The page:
I was born in 1962 and lived in Peterlee for only 6 years. I remember fun times and the holidays from school were full of activities on a big green, where you learnt how to roller skate, walk on stilts and had so much fun. Good times.
My Last Year in Peterlee
Hi, I am Kurt Kissling From Germany.
I lived with my sisters Jenny and Joan and my parents Kurt and Nelly for 2 years in Peterlee from 1956 till 1958. Then we left England. We live now in Germany 50 years but I never forget my Peterlee. I was born in Iveston.
Memories of County Durham
I was born in 1928 at 20, Cotsford Crescent, the third son of a miner William Holmes. All his brothers were miners and myself and my brothers worked underground. I remember Lumleys shop as it was not far away and Mr. Lumley refused to sell me a penny box of matchs that my dad had sent me for as I was only six years old. It was about that time when a Scottish Regiment marched by to the sound of the bagpipes, they camped for the night at Blackhall. They were on the way to Hartlepool for sailing to India. I think it was 1933 when the airship R101 flew over Horden out to sea on its way to the Continent. I went to the infant school along Sunderland Road, on the way I passed the garage, it sold Cleveland petrol at 11.5 pence (old money) a gallon. I can remember an uncle taking me along to the colliery one Friday to get his wages when a handcart went by, pushed... Read more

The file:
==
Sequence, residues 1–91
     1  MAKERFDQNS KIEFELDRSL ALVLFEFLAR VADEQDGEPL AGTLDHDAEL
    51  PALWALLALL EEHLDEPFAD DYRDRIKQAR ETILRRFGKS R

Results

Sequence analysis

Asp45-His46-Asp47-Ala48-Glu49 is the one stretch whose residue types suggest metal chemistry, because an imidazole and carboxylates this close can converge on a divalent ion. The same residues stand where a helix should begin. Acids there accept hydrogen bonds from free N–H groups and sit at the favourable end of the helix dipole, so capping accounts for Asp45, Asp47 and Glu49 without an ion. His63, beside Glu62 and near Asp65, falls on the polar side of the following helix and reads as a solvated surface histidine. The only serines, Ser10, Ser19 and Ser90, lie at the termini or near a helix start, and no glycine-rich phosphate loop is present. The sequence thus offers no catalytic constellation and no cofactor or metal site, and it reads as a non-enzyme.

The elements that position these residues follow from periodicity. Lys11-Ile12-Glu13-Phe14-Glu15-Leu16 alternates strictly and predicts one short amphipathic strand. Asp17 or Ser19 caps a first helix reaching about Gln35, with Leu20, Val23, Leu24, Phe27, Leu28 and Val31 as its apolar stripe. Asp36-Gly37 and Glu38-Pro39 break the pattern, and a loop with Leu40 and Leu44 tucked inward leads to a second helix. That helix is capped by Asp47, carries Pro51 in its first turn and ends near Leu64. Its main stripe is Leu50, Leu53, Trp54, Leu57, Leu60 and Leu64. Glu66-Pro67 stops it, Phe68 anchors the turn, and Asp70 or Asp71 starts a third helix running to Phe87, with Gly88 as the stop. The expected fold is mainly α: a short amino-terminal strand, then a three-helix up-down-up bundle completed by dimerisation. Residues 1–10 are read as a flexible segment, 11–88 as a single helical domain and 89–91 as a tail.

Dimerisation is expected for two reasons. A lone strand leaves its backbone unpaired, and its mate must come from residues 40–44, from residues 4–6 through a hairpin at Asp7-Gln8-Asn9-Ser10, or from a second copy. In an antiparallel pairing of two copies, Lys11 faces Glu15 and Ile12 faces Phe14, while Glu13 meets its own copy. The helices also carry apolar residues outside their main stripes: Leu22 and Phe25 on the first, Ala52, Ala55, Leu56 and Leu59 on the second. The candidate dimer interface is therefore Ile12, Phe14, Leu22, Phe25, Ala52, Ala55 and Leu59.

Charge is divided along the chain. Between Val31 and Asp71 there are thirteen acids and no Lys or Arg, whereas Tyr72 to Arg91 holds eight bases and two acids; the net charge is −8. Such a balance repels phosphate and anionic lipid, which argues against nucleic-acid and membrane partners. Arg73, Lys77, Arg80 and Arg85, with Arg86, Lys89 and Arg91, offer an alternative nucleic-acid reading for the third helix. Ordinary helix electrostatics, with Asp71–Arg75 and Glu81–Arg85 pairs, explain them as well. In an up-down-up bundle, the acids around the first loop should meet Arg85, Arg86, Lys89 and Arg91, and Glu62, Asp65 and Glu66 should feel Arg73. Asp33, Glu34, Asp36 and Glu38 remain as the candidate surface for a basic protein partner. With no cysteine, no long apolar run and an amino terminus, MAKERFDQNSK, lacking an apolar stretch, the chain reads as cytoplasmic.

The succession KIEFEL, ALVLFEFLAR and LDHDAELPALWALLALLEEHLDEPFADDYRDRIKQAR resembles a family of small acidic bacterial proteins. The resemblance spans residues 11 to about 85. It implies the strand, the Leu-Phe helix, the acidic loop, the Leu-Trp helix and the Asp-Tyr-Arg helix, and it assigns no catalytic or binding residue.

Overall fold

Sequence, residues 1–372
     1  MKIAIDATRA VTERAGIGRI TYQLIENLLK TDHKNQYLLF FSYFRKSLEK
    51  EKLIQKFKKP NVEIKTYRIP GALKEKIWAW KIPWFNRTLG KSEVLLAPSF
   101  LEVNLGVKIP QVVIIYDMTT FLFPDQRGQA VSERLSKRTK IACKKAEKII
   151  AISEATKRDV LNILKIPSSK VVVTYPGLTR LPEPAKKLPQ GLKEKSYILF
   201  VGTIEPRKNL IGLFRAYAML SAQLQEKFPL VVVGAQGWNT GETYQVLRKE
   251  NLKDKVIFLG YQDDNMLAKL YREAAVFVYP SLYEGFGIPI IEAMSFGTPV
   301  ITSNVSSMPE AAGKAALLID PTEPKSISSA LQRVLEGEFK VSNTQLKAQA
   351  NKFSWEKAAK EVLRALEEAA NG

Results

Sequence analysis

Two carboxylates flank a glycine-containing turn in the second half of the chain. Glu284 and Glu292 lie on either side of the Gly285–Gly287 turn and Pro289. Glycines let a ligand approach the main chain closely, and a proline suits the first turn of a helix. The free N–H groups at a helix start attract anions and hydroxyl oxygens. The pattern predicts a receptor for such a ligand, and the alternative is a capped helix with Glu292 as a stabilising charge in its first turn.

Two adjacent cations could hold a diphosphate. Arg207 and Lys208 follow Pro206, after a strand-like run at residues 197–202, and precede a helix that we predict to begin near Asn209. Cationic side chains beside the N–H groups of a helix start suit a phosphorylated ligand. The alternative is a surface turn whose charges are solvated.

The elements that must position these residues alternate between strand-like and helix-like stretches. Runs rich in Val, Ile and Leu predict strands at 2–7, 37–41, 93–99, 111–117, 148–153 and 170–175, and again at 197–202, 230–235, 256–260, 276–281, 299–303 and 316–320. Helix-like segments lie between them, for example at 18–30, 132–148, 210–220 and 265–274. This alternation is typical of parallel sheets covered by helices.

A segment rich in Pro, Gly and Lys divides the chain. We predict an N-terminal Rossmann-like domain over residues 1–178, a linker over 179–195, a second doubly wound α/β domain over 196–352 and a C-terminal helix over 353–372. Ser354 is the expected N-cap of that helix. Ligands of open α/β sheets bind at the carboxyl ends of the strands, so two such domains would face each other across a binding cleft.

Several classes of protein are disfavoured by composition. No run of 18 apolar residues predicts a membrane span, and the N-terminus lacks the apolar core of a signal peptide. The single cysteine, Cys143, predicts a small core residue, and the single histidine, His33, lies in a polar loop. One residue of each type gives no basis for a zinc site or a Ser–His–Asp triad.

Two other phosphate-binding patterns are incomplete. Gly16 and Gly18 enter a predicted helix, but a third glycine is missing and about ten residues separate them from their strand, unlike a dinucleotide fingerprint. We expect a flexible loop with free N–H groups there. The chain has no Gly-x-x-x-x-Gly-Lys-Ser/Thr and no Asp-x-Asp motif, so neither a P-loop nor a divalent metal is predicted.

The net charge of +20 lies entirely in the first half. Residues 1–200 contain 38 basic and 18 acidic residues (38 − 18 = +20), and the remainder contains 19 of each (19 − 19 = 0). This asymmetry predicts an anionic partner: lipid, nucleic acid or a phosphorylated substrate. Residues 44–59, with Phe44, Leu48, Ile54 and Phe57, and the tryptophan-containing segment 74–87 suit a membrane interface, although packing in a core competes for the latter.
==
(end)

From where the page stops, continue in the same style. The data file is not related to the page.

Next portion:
St Marys Church Horden,.
My mother and father were married at this church on the 5th of March 1960 George Turnbull and Jaqueline Kell. Does any one out there know them?
George Turnbull (THIS WAS AN UNCLE OF MY DADS WHO WAS NAMED AFTER HIM AND MY GREAT UNCLE) was buried from this church in 1982.
This church still stands. I would like to know the vicors name at the time of both my dads marriage to my mam and my great uncle burial please can any one help.
to Kareen Surtees